Soil tests show the pH and nutrient amounts in a field. Soil chemistry determines the amount of root growth, the amount of nutrients that can be held in the soil, and the ability of plants to take in and use those nutrients. But why is pH important and what are the consequences of different levels of pH?
pH in soil
Students graph pH data from five fields using box and whisker plots.
Students compare the data in their graphs.
The level of pH is measured on a scale of 1–14, where the lower numbers represent acids (have more hydrogen ions H+) and the higher numbers represent bases (have more hydroxide ions OH–). A measure of 7 is neutral. The scale is logarithmic, meaning that the difference between a pH of 5 is 10 times more acidic than a measure of 6; a measure of 9 is 10 times more basic than a measure of 8.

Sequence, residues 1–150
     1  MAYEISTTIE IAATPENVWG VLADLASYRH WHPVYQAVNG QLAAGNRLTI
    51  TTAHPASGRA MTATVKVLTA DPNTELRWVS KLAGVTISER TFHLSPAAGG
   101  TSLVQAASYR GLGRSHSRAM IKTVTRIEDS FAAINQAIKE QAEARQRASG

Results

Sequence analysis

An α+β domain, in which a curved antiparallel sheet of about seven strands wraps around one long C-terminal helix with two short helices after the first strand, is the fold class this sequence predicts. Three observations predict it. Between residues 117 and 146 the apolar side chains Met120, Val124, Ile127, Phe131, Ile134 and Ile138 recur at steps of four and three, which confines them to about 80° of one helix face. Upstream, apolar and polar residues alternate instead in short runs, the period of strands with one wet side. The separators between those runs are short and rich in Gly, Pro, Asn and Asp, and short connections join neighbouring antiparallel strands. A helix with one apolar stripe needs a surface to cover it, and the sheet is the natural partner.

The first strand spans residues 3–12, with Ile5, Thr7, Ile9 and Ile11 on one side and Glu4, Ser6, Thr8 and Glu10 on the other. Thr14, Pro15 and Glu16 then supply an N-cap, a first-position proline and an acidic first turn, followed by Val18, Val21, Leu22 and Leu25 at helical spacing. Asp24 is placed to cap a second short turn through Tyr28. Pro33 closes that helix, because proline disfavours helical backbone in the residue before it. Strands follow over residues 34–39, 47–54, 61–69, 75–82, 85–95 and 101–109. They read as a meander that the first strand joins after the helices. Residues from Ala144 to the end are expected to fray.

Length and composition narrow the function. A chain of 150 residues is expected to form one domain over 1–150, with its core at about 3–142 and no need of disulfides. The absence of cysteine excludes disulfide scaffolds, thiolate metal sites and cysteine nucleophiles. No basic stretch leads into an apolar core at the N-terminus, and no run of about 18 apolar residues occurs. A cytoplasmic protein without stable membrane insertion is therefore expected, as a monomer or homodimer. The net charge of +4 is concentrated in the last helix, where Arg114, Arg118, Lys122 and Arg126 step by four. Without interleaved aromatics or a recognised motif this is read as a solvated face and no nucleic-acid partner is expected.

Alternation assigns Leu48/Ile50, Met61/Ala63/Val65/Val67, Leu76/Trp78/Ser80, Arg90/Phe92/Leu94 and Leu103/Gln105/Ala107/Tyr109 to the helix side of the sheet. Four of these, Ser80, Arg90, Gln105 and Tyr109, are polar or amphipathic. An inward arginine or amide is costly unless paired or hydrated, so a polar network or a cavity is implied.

Most plants need a pH between 6.5 and 7.5 to grow and thrive, or yield seed. In Ohio, the top seeds grown by farmers are soybeans, corn, and wheat. If a field has a wide variability of pH, a farmer may have to apply a product to adjust pH. The product most commonly applied is lime (crushed limestone) that helps to adjust the pH to more basic or higher pH.
Next gen science standards
Science and engineering practices
- Analyzing and interpreting data
- Using mathematics and computational thinking
- Scale, proportion, and quantity
Disciplinary core ideas/content
- ESS2A Earth materials and systems
- LS1D Information processing
- LS2A Interdependent relationships in ecosystems